Jack Dobrecki is 61 and has had two dreams come true. He’s now living his second dream—a home he owns. The home is one of 12 in the Springhill homebuyer down payment assistance project from 2002, receiving $156,000 in FHLB-I funds. Jack says that every morning since he moved into his house in September 2003 he wakes up with a smile. “It feels great—every day.”

His first dream was to be able to live outside the institution where he was sent at the age of 5. Living with many others who also had disabilities “was bad,” he says. Jack doesn’t remember life with his family before the institution. But he remembers the Oakdale Regional Center in Lapeer, the largest institution of its kind in Michigan, where he lived for most of his growing-up years.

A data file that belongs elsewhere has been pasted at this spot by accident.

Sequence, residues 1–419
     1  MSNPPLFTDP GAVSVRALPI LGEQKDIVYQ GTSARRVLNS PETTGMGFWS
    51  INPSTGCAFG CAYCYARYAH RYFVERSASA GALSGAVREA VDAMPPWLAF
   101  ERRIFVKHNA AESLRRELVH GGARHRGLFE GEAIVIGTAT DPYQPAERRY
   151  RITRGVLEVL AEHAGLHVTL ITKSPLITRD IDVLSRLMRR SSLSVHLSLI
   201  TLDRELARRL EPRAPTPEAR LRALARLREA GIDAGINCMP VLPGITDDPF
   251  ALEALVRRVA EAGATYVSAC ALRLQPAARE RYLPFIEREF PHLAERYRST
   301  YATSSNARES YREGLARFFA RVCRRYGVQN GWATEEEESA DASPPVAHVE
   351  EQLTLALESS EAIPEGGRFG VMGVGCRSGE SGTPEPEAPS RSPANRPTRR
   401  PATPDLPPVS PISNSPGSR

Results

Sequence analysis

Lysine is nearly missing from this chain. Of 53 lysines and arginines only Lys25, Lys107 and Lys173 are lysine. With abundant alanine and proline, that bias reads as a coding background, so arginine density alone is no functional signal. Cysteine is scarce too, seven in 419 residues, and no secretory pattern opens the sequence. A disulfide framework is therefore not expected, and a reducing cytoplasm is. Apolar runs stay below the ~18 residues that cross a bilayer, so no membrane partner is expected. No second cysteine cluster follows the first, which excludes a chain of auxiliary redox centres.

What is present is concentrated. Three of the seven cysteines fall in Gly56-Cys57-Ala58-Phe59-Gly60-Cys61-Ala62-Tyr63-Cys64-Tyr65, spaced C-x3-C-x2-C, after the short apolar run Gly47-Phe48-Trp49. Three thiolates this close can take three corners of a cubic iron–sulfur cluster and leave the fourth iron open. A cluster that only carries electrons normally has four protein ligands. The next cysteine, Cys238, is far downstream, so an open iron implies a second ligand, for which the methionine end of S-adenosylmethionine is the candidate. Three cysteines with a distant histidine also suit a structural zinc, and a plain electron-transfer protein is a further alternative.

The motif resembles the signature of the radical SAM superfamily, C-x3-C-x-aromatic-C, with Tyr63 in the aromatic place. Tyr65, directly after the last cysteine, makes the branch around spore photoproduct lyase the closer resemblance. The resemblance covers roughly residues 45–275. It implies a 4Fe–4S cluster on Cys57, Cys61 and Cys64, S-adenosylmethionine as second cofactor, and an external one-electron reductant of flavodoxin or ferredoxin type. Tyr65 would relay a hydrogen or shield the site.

He was 19 when his first dream came true and he was able to leave the institution. Jack can list a litany of supportive housing where he lived in the years following his release. It was during life in that string of housing situations when he first dared to dream about owning his own home. “I wanted to decorate my own house—and I wanted a cat!” he says with a broad smile, a twinkle in his eyes, and his feline companion, Garfield, curled up in his lap.

Jack either walks or rides his bike to his job as a dishwasher at a nearby bar and grill. In the summer, he grows all kinds of vegetables and tends to a number of flowering plants. His neighbors watch out for him, he says, as the man next door stops over and shares a few pleasantries.

Jack is proud of the life he has created with a worker coming two days a week to help him cook. He writes his own checks, keeps adding to his collection of crosses, and like to clean his tidy house, one of 12 in the homebuyer down payment assistance project from 2002.

Asked to give one word for what it means to own his own home, Jack says “happiness.” He is now living his dream—both of them.